Speaking to lawmakers, Shoigu announced the intention to complete the formation of four divisions: three in the west and southwest and one in the Kurile Islands. But the total number of the Armed forces increased by only 10,000 in 2016. This can only mean that Russia in in the midst of deploying Soviet-style “paper” skeleton divisions, in which five hundred officers command a hundred soldiers in peace time—in other words, the types of formations explicitly abandoned by Serdyukov. To stand up such units, an excess number of lieutenants is required. These types of divisions are appropriate if one’s goal is to report to the president about the increasing power of the Russian army; but they are useless for increasing the country’s military might in reality.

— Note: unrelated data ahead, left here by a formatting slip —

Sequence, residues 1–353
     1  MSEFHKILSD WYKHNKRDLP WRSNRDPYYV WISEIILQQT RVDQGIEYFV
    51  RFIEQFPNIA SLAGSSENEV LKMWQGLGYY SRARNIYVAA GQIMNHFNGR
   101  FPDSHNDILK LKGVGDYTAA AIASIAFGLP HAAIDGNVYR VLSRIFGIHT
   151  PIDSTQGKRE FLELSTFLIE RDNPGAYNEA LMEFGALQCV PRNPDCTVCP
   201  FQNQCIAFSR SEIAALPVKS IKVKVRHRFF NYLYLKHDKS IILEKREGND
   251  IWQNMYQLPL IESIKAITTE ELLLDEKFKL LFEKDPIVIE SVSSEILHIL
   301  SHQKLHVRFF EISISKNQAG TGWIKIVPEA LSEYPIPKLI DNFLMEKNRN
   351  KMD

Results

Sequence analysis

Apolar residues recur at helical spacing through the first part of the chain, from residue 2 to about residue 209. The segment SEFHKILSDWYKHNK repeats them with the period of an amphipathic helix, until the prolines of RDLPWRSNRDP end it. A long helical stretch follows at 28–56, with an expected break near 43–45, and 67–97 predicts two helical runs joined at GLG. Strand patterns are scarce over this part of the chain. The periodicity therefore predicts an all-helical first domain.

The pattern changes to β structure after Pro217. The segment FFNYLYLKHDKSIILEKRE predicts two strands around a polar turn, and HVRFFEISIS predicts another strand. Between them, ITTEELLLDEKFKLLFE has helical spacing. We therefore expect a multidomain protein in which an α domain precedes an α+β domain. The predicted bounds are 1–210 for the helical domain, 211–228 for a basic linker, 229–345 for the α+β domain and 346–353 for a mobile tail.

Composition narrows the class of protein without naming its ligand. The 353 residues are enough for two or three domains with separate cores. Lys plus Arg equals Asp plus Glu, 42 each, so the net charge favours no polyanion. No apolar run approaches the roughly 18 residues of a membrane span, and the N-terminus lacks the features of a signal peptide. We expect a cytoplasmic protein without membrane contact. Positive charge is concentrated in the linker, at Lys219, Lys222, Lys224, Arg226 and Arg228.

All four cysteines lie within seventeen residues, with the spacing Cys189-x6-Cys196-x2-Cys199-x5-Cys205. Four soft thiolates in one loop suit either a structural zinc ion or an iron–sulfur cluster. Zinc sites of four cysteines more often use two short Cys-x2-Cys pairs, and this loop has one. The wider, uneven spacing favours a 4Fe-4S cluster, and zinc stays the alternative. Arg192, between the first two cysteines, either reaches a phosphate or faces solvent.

Some of these deficiencies might have been compensated for by dramatic developments in the planned Russian military hardware department. These ambitious targets announced by Putin have proven very difficult to achieve; both within the time framework for their introduction and in the quality of the end product. Although expenditures on nuclear weapons in the new budget have not changed significantly—they will amount to 51 billion roubles ($875 million) in 2017 —Russia’s overall economic and domestic production problems are already negatively affecting the development of new types of strategic arms. A case in point is the RS-28 “Sarmat” intercontinental ballistic missile (ICBM).